Soundproofist

04 | Hush City - map urban quiet spaces, with Dr. Antonella Radicchi

October 28, 2018 Soundproofist
Soundproofist
04 | Hush City - map urban quiet spaces, with Dr. Antonella Radicchi
Chapters
Soundproofist
04 | Hush City - map urban quiet spaces, with Dr. Antonella Radicchi
Oct 28, 2018
Soundproofist
Transcript

Cary: In this episode of Soundproofist, I’m talking to Dr. Antonella Radicchi, an architect, a scientist, an activist and a soundscape urbanist. She’s based in Berlin, and she’s the leader of the Hush City Mobile Lab and of many soundwalks in European cities. This is part one of a two- part conversation. In this first part, we’re going to talk about the Hush City app, how it evolved, how you can use it and how it can help city governments with urban planning.

Cary: Hi Antonella, thanks for speaking with us today on the Soundproofist podcast. I’m really looking forward to introducing people to your work and how listeners can also contribute to your different projects. So tell us about the Hush City app. What inspired you to develop it?

Antonella:  Yeah, thank you so much for having me here, it’s a great honor. I’m happy to talk about the Hush City app project and it would be great if you could involve more people in the project. So the Hush City app empowers people to identify, evaluate and contribute to plan quiet areas in our cities. And as you might know, protecting quiet cities is very important, It’s an effective measure to reduce noise pollution, which actually is the second environmental stressor after air pollution affecting our health in cities. And the importance of protecting quiet areas as been recently recognized by the guidelines launched by the World Health Organization, just on October 10. And also, it’s recognized by the European directive on environmental noise.

Antonella:  How can we protect quiet areas? First of all, we need to identify the quiet areas that need to be protected. How can we do that? How can we involve people? Usually the methods applied, so for our big cities or municipalities in Europe for example, are based on quantitative recurring area, meaning that they measure noise levels and they set up a threshold and say "okay, this area is under 50 decibels, so we can identify it as being a quiet area."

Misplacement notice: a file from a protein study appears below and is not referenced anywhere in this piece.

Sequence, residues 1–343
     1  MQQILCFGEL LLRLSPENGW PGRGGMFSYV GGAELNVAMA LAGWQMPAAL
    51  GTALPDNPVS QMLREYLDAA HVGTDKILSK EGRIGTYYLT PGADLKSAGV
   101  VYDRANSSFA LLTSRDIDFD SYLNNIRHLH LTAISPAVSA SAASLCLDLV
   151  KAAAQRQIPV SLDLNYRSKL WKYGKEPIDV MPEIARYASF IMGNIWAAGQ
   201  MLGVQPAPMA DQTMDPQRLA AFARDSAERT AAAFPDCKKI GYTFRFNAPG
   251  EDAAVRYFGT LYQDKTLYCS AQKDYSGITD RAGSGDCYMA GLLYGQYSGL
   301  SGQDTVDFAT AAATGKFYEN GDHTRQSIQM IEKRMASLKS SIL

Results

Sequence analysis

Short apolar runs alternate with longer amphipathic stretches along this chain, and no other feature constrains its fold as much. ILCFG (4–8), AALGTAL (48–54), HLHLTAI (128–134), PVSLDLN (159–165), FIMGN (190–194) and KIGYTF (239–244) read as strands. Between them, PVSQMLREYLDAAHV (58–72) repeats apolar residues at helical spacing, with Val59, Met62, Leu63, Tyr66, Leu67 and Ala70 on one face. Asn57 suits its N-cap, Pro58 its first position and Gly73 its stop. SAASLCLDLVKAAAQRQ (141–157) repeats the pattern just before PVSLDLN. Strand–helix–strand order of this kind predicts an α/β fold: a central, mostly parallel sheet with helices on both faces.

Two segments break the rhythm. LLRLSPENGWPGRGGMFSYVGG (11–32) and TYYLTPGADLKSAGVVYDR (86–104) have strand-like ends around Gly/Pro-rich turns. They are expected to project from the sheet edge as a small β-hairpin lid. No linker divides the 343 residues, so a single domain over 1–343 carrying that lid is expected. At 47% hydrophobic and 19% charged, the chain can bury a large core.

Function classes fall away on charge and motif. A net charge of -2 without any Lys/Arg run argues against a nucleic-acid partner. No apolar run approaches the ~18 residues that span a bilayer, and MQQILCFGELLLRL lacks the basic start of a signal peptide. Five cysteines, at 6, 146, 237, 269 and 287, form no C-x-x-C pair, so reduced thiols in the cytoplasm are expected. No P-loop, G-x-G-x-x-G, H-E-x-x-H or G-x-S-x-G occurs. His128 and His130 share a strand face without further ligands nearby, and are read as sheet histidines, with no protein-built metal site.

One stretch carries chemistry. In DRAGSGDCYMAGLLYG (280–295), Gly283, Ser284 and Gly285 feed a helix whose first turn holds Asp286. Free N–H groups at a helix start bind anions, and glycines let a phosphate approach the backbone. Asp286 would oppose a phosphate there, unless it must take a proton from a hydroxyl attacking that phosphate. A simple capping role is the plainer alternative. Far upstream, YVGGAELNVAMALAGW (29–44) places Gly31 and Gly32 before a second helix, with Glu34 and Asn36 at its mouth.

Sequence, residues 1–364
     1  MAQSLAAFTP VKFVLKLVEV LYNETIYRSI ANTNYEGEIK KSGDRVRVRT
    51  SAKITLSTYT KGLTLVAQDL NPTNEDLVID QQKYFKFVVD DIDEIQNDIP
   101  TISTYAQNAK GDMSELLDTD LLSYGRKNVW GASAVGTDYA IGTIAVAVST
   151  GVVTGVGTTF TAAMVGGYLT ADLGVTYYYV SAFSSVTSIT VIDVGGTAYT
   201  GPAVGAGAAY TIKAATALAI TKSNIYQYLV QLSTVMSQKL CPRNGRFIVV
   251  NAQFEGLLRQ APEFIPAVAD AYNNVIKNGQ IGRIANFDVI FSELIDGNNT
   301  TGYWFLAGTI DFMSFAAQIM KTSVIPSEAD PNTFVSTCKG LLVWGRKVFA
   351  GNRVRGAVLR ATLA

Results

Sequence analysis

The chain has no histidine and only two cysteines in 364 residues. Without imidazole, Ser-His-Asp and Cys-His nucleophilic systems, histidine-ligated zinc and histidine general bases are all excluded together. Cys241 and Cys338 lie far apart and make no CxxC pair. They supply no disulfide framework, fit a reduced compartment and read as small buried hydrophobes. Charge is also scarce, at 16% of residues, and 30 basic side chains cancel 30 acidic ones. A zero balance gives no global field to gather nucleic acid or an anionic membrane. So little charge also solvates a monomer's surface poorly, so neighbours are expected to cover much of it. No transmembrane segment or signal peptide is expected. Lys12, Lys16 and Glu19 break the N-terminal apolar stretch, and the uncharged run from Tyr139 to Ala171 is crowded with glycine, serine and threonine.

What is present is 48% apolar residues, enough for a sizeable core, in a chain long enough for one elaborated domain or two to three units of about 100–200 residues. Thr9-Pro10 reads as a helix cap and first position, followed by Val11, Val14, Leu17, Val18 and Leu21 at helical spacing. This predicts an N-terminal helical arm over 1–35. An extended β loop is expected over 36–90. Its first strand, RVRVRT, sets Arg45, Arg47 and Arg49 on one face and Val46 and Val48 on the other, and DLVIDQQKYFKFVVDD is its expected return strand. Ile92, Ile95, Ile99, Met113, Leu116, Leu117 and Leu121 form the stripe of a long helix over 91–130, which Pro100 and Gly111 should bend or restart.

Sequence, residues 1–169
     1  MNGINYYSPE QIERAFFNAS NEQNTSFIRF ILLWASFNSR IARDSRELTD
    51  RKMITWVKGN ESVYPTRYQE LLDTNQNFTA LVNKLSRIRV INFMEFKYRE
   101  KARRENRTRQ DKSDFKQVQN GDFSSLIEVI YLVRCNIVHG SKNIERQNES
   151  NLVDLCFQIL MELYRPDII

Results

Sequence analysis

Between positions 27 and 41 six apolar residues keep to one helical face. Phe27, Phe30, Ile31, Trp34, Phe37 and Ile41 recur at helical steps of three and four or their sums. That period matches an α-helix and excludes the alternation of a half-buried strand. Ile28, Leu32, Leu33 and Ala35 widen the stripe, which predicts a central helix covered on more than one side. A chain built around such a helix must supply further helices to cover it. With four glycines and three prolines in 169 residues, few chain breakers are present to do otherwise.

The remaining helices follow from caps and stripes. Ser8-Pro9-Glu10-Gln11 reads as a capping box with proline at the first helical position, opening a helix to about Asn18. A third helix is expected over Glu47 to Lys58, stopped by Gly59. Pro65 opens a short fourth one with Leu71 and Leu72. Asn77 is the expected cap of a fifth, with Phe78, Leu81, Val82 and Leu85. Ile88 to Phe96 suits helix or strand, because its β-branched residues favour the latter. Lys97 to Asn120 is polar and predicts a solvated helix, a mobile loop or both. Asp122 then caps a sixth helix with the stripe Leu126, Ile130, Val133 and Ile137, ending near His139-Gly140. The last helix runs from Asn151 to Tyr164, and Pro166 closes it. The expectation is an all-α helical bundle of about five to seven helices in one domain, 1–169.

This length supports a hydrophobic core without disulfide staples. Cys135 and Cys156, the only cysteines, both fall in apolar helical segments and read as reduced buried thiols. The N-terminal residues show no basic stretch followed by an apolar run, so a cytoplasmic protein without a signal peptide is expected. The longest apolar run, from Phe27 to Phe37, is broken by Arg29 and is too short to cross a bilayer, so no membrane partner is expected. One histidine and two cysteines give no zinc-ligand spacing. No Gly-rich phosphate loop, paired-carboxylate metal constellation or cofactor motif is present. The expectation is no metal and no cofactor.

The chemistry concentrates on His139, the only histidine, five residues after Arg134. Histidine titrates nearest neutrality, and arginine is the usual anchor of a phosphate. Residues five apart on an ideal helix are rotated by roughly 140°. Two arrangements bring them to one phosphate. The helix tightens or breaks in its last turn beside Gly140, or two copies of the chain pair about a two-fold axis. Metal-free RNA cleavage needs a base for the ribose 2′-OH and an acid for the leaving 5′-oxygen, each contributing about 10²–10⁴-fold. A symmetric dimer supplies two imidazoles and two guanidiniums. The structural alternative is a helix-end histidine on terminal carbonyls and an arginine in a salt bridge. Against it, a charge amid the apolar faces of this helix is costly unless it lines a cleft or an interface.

Antonella:  But as you know, as we all know, we experience every day now in our lives, that sound is something objective of course, but we can measure it, but mostly subjective. So the same sound that we like and we don’t like, depending on who perceived the same sound. So it’s tremendously important to get people involved in the process of identification and protection of quiet areas.

Antonella: To empower people to achieve this goal, I developed and launched the Hush City app at the beginning of 2017.

Cary:  Wow. That’s so great that you created this app and I know it’s in its second version now, right?

Antonella: Yep. We just launched last spring, the second version. And basically the app allows you to perform two main actions. Of course, to go to a quiet area, use the app to evaluate it by collecting a set of mixed data and share your evaluation, your feedback, with a community.  So once you collect the data by using the Hush City app on a quiet area and once you share the data set with a community, your data will be automatically linked to a public map, where everyone can access the quiet area you shared with the community.